This time a year ago I had the privilege of hearing eminent educational theorist, Sir Ken Robinson, speak at the National Future Schools Conference. As a prompt he presented a perplexing image of a multi-story brick building with many open windows. At each of these windows there were a number of adults balanced precariously on window ledges clinging to the window frames and looking inside the building. Robinson explained that the image was taken in Bihar in India and illustrated the extraordinary lengths that local parents will go to throw answers to their children in order to help them in the university entrance exams. While the audience found the image quite shocking, it is no less so than the stories that are now emerging from the College admissions scandal that has recently broken in the United States.
Some of the more bizarre details that have emerged there includes the story of a parent who not only paid for someone to take on his child’s identity to sit an entrance exam but also deceived his child into thinking that the exam was a sit-at-home one and the father then acted as a fake invigilator so that his child would think that they earned their corrupt entry through their own merit.
There are many disturbing lessons that emerge from these two episodes from very different cultures. One is that the parents seem to have lost sight of the educational purpose of schooling in favour of gaming a system to advantage their children. Another is that it seems to be illustrative of the phenomenon of “lawnmower parenting” which is known in the United States as “snowplough parenting”. This involves a parent removing any potential obstacles or challenges from their child’s life so that they won’t have to experience the gamut of negative emotions that can come from failure.
This is, of course, manifestly short sighted. It robs their children of the opportunity to develop coping skills and a toolkit of strategies to apply when things do not go their way. In a recent article in The New York Times entitled “How Parents are Robbing their Children of Adulthood”, Claire Cain Miller and Jonah Engel Bromwich decry this phenomenon. They explain that in order to ensure that a child has a fret-free and smooth childhood, some parents are adopting strategies that ensure a more difficult adulthood.
Miller and Bromwich explored College dropout rates and discussed examples that were linked to a lack of coping skills and strategies. They explained: “One came home because there was a rat in the dorm room. Some didn’t like their roommates. Others said it was too much work, and they had never learned independent study skills. One didn’t like to eat food with sauce.”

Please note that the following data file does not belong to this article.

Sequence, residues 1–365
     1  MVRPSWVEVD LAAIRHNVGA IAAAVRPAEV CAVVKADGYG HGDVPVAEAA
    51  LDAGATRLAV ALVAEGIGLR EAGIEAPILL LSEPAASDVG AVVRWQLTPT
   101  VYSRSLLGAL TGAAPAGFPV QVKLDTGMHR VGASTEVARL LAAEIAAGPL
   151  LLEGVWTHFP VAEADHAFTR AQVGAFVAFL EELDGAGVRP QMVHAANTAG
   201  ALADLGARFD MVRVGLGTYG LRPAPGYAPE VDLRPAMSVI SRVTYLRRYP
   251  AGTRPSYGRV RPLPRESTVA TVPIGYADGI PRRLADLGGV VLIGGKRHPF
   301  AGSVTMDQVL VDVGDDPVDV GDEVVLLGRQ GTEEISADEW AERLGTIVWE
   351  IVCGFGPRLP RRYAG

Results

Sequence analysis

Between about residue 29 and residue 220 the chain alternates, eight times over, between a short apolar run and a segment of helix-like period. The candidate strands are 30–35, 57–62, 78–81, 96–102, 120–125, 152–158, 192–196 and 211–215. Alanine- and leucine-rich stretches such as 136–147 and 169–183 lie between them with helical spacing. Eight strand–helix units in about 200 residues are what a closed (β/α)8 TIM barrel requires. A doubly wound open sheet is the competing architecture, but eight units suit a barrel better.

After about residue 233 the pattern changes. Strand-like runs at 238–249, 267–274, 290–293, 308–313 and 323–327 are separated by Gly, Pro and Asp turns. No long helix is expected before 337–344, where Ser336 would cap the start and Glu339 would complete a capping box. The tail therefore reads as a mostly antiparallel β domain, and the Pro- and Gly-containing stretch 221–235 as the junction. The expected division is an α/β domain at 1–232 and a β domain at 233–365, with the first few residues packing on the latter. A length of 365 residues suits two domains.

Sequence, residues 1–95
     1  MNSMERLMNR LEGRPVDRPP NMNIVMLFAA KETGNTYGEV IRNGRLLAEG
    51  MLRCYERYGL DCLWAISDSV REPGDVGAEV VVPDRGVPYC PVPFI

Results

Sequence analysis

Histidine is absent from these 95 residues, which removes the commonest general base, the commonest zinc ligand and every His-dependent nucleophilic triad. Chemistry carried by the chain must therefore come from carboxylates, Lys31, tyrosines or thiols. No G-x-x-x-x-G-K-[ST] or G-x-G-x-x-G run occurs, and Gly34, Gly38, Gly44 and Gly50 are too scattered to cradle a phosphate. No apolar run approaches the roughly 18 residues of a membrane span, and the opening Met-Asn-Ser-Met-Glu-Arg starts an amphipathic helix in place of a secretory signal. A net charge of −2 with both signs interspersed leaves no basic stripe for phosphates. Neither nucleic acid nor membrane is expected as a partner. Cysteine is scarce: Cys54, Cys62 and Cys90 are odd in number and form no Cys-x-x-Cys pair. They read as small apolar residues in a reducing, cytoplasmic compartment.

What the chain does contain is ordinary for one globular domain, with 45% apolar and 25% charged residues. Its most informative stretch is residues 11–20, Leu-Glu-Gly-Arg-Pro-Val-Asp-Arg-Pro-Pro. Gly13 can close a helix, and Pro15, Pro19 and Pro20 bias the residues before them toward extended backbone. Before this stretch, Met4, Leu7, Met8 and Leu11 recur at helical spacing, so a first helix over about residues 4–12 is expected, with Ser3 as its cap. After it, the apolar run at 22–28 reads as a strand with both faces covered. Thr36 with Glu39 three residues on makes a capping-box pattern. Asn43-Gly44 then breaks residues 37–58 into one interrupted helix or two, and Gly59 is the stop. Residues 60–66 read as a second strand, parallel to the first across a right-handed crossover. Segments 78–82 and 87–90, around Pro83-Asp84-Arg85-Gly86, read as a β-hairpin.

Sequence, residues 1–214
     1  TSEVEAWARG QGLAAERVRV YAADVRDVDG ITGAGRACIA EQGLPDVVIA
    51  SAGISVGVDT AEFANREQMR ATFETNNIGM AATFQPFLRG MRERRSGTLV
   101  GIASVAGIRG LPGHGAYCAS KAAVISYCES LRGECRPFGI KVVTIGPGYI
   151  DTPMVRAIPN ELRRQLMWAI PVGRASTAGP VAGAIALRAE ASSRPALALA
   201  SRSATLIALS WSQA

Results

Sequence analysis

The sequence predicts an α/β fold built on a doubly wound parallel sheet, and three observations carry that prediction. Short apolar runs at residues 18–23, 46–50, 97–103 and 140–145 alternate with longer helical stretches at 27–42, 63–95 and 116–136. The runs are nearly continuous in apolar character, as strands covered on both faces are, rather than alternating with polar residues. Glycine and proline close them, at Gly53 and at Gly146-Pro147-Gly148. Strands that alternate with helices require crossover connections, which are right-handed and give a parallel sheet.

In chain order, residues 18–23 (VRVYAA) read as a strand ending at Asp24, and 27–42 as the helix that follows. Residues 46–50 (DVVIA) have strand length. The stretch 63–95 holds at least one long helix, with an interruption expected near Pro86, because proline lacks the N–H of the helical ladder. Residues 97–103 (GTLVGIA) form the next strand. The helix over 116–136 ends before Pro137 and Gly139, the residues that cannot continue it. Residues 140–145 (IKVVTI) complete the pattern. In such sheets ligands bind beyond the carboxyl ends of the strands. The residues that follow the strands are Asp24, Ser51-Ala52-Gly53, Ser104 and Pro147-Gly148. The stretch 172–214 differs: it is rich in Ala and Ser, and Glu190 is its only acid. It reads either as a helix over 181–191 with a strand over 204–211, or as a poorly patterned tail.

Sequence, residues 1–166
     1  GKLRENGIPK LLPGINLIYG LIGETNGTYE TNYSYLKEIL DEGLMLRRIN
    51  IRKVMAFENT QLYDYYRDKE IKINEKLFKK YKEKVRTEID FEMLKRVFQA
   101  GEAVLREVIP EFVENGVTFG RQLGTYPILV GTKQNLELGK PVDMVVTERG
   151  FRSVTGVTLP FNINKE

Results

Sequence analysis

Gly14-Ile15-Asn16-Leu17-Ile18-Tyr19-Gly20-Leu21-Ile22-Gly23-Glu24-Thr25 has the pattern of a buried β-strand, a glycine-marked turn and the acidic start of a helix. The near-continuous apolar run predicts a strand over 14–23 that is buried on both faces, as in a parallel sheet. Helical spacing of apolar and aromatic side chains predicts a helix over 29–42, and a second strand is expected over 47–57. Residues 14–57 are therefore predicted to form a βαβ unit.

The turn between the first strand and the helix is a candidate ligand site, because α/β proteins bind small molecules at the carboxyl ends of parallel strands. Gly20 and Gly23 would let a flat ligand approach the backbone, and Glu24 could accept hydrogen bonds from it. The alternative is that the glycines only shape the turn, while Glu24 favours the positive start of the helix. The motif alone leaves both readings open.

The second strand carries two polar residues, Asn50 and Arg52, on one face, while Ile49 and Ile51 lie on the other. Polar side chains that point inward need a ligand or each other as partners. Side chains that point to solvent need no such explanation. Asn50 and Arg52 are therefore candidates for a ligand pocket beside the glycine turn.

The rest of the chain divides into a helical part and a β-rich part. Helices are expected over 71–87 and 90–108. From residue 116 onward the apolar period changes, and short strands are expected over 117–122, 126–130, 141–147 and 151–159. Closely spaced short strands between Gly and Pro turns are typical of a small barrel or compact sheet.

The last example related to a student who had never liked her food doused with sauce. Throughout her childhood her parents intervened to prevent her having to face the prospect of eating sauce-covered food. They called her school, summer camp providers and her friends’ parents to ensure that any meal or snack would be sauceless. Unfortunately, when their daughter arrived at College, there was no one to advocate for her and she could not cope with the food options which clearly were too saucy.
In this lesson we see that intervening too hard on a child’s behalf disrupted their opportunities to adjust their perspective and learn to accept the imperfections in the world.
Parenting is never easy. There is indeed a delicate balance between the counter-intuitive prospect of stepping back and allowing our children to experience discomfort, or even hurt, and facing the ramifications of their being ill equipped for adulthood.
At a recent Year 4 assembly when the students were highlighting their learning, they spoke of the importance of “struggle time”. This is a message that we try to ingrain in our students from early childhood. They should view mistakes as opportunities and struggle as a necessary component of learning.
Modelling, through our language and behaviour, that there is more than one pathway to achieve success is far more likely to benefit our students than trying to remove obstacles to force success.
I am certain that adopting such approaches and the growth mindset that develops from them are great markers for the healthy maturation and holistic development of emotionally robust adults.